Body Language Skills Course in Singapore
Body language is of nonverbal communication in which physical behaviours, as opposed to words, are used to express or convey information. Such action includes facial expressions, body posture, gestures, eye movement, touch and the use of space. Body language is in both animals and humans, but this course also focuses on interpretations of human body language. It is also known as kinesics.
Body language must not be mixed with sign language, assign languages are full languages like spoken languages and have their complex grammar systems, as well as being able to show the basic properties that exist in all languages. On the other hand, Body language does not have a grammar order and must be construed broadly, instead of having an absolute definition corresponding with a particular movement, so it’s not a language like sign language and is termed as a “language” due to popular culture.
In a community, there are agreed-upon ideas of a particular behaviour. Definitions may vary from country to country, or from culture to culture. As a result, there is controversy about whether body language is common. Body language is a subset of nonverbal communication, complements verbal communication in social communication. Researchers conclude that nonverbal communication estimates for the bulk of information transferred during interpersonal interactions. It also helps to establish the relationship between two people and regulates interaction but can be ambiguous.
This Body Language Skills workshop is ideal for anyone who would like to gain a strong grasp and improve their Body Language Skills.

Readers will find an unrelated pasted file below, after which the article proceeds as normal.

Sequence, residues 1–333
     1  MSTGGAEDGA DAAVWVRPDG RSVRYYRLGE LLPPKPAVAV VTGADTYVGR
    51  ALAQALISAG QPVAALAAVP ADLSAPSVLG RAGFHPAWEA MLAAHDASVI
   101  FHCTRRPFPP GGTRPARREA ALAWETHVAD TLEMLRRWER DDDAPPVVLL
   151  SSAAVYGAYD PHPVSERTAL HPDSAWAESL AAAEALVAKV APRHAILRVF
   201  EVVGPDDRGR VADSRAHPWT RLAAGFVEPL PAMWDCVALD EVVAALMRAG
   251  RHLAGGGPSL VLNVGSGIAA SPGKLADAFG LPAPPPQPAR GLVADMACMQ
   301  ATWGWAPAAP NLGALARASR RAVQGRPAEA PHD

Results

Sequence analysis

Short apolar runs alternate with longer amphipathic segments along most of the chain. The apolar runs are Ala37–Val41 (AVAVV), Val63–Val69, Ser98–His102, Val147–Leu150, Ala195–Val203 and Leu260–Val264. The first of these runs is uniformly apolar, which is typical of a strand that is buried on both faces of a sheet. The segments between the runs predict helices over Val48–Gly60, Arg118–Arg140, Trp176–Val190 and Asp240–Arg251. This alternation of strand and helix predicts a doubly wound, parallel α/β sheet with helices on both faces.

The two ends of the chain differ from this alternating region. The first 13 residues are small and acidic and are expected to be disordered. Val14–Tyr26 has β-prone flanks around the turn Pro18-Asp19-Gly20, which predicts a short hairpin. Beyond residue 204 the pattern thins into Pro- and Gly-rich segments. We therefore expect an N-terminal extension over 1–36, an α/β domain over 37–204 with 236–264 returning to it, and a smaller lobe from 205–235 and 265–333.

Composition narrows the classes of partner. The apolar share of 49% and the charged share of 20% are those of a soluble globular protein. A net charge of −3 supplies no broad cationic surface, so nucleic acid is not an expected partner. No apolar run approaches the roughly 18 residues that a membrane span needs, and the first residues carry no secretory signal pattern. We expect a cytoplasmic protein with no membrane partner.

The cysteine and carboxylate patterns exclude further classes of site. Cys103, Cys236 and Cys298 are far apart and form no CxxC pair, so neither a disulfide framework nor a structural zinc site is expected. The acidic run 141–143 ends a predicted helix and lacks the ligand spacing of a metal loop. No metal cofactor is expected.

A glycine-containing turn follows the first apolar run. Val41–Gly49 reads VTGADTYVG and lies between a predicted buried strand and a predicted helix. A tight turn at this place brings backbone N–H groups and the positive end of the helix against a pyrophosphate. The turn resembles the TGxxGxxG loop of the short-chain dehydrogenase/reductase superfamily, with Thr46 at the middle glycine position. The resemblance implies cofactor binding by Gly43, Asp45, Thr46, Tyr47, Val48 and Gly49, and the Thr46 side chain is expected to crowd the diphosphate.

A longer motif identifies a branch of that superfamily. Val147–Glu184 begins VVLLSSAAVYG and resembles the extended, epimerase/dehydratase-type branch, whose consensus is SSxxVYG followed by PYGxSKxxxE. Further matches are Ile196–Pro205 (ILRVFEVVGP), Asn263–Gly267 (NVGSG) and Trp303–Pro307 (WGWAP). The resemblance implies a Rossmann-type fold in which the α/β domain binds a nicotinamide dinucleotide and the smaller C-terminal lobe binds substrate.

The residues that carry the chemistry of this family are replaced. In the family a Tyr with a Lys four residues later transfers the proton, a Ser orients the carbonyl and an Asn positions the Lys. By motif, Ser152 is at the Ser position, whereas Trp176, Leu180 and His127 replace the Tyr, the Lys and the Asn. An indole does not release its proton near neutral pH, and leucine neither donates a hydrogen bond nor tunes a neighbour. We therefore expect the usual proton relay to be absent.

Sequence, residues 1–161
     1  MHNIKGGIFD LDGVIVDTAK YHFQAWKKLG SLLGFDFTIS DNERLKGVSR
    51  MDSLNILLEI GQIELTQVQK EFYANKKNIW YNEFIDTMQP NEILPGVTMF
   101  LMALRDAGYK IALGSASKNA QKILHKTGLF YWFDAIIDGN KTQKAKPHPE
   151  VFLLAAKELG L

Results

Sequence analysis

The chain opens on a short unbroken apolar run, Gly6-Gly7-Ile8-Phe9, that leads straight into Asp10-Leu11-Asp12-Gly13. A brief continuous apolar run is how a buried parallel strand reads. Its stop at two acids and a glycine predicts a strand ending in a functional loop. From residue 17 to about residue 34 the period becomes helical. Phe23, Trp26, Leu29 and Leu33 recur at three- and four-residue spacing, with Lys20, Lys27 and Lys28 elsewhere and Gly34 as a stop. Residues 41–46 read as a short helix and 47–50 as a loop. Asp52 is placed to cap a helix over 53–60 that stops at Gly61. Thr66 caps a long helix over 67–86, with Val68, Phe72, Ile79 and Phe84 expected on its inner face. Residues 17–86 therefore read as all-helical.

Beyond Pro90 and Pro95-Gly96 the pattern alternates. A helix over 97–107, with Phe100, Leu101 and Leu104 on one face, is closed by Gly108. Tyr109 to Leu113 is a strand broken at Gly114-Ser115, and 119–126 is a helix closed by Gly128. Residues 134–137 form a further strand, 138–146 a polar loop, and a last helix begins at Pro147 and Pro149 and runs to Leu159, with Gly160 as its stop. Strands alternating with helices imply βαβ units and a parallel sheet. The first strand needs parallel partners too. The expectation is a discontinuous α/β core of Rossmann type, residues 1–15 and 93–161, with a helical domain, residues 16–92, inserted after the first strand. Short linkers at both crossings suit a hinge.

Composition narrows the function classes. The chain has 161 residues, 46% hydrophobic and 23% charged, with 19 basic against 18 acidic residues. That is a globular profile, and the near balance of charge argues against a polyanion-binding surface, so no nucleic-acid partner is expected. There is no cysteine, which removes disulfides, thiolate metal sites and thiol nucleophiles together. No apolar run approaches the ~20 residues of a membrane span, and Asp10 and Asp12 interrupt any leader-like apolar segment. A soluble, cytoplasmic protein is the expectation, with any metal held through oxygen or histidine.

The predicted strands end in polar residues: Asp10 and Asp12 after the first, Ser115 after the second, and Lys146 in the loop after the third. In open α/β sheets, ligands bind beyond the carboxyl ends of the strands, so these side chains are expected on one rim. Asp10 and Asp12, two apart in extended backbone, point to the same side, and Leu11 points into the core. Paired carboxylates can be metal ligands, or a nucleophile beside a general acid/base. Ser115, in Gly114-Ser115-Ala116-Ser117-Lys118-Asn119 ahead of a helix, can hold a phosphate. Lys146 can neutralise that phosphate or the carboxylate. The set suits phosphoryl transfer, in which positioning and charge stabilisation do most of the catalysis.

All Staff Within An Organisation
The ideal group size for this Body Language Skills course is:
Minimum: 5 Participants
Maximum: 15 Participants
The duration of this Body Language Skills workshop is 1 full day. Knowles Training Institute will also be able to contextualised this workshop according to different durations; 2 full days, half day, 90 minutes and 60 minutes.
1 Full Days
9 a.m to 5 p.m
Below is the list of course benefits of our Body Language Skills course
- Improving your body language will improve your life
- Become a better communicator
- Improve your presence, be magnetic as soon as you walk into a room
- Prevent conflict from happening by reading subtle cues of defensive or angry body language
- Learn to connect with people better through your body language
- Learn the value of making eye contact
- Recognise when someone’s voice seems uncomfortable
- Make gestures that foster encouragement
- Learn not to make judgemental facial expressions
- Use your space in a way that fosters reliability
Below is the list of course objectives of our Body Language Skills course
- Define Body Language
- List some of the benefits of interpreting body language
- Understand that eye contact can make someone feel as if they’re being heard
- Recognise when someone’s facial expressions shift
- Identify the various types of gestures people use
- Identify what it was that made someone’s body language change
- Learn to interpret the various body language movements
- Recognise the different types of ‘Power’ handshakes
- Develop an understanding of why people behave in particular physical ways
- Recognise the common mistakes when interpreting body language
- State the differences between oculesics, haptics and proxemics
- Use the knowledge of understanding body language to ensure positive business deals are made
- Recognise the improvements to workplace relationships once body language is interpreted
- Understand your own body language and what you are communicating at all times
Below is the list of course content of our Body Language Skills training course
- Learning a Body Language is Like Learning a New Language
- In many ways knowing body language is like learning a foreign language. There are a few techniques that we will cover in this course that make learning any language, even a nonverbal one, easier.
- The Power of Body Language: It’s Most Powerful Benefits
- Body language is honest
- Body language creates self-awareness
- Body language understand feelings
- Body language enhances listening and communication skills
- More Than Words
- Proximity: The distance between individuals
- Positioning: Position of a body
- Facial expression: The eyes are especially noticed.
- Touching: Includes objects, people, and themselves.
- Breathing: The rate of respiration is telling sign
- Actions Speak Louder Than Words